Litter picking up

Silver

Senior Member
Chinese,Cantonese,Sichuan dialect
Hi,

I have two situations that need your help with this phrase:

1)
One of my hobbies is litter picking up. (I wonder if the bold is natural.)

2)
Let's say I am filling a blank in my resume, and the blank asks my hobby, I said:

Litter picking up.

I wonder if the bold is natural.

Thanks a lot
 
  • GreenWhiteBlue

    Senior Member
    USA - English
    No, it is not natural. Leaving aside the unusual nature of the hobby, the normal way to refer to the activity is picking up litter:

    Our local Boy Scout troop spent Saturday picking up litter in the town park.
     

    Silver

    Senior Member
    Chinese,Cantonese,Sichuan dialect
    Thanks a lot, GWB. I've used and heard "pick up litter" for a while, I used "litter picking up" for the first situation is because I think the bold part should be a noun or a noun phrase, and so is the second one.

    Pick up litter is a verb phrase while litter picking up is a noun phrase. If I use "picking up litter", the first one would be like this:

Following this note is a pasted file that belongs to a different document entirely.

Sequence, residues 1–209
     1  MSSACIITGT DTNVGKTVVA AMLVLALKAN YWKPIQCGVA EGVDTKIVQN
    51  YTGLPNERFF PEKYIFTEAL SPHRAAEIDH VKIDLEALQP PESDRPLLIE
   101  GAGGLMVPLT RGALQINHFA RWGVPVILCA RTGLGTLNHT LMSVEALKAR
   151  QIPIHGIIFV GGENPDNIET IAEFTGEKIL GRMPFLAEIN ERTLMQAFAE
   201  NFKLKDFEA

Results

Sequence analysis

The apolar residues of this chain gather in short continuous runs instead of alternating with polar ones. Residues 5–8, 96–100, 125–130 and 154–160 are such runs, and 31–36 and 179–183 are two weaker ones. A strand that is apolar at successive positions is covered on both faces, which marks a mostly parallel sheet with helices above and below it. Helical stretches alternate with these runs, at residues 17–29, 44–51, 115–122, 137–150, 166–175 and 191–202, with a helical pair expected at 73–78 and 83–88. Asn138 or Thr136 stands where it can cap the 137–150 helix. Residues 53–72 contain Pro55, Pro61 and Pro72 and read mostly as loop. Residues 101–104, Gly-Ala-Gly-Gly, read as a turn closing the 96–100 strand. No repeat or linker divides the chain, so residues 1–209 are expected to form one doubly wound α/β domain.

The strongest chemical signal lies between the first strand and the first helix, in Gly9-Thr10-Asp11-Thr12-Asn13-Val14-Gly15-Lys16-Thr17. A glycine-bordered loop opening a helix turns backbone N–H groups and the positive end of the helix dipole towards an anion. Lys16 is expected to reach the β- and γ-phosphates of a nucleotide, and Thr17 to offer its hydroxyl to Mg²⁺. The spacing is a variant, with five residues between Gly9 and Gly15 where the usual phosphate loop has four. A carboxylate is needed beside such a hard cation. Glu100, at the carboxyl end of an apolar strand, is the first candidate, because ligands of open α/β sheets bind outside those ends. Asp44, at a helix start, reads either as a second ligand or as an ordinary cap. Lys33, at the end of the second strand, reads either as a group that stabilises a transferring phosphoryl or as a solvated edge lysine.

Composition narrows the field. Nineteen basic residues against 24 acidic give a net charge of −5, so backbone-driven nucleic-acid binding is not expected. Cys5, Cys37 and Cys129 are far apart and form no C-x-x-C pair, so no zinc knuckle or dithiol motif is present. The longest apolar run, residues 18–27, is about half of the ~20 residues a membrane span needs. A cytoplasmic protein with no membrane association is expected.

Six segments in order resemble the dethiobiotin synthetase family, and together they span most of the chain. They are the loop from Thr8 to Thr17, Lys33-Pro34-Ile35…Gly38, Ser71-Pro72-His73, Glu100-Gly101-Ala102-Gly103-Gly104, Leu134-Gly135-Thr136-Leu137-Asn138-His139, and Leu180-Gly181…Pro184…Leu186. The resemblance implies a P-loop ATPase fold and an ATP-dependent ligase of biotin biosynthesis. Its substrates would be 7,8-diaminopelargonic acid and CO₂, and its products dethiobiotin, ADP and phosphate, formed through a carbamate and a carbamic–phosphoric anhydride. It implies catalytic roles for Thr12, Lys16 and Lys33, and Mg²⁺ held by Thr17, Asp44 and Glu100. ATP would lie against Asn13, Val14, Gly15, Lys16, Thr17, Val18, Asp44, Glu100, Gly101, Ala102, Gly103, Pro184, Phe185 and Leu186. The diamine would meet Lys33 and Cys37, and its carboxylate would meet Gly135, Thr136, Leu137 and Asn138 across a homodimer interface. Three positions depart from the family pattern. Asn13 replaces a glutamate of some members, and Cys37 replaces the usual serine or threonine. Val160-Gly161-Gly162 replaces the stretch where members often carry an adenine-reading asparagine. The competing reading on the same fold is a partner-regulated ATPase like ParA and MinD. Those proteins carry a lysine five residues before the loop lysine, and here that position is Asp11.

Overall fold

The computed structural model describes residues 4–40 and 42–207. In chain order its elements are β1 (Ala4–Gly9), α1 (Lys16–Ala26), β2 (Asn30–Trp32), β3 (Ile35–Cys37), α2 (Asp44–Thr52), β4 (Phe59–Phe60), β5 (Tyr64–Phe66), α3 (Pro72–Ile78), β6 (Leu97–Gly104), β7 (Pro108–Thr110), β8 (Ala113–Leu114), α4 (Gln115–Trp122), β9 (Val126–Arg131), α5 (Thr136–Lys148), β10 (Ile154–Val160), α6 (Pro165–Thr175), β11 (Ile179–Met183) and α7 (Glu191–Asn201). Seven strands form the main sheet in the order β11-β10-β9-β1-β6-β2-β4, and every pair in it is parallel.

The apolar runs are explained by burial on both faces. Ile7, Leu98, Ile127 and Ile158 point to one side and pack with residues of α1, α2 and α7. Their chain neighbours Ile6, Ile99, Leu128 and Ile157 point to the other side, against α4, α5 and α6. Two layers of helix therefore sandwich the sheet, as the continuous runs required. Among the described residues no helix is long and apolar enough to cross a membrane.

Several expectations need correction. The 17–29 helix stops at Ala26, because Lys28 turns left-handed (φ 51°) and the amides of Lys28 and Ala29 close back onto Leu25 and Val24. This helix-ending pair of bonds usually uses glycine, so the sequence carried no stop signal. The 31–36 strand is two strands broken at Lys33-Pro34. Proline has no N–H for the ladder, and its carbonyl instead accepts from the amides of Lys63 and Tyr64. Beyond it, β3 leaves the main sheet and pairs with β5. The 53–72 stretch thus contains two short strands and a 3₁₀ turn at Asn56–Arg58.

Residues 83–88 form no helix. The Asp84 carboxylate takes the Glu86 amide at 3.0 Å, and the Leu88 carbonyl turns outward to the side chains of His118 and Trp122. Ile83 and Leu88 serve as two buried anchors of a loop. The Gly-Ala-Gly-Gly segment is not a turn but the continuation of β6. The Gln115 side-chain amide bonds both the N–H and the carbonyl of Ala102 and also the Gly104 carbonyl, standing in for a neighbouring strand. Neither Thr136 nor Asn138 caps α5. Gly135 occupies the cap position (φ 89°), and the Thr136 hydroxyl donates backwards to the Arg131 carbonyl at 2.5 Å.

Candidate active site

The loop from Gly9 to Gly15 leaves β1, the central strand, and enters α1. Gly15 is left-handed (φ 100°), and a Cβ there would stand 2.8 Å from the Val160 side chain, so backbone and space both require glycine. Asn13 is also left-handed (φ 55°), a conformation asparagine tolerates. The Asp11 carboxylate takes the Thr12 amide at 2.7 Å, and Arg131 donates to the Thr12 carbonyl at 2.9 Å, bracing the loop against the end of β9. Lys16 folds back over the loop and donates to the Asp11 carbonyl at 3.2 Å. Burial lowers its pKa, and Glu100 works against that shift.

One of my hobbies is to pick up litter. (Verb)
    ................. is litter picking up. (noun)

    Also, when you are filling a form, you would usually use "noun' rather than 'verb", am I right?

    Hobbies:

    Singing
    Swimming

    Not:

    Sing
    Swim
     

    Parla

    Member Emeritus
    English - US
    It's wrong, Silver. A structure that applies to some English phrases doesn't necessarily apply to others. We do say dog walking and horseback riding, but we don't say socks knitting or litter picking up.

    P.S.: I wouldn't say on a résumé that my hobby was picking up litter. I think that would seem very odd to a prospective employer.
     
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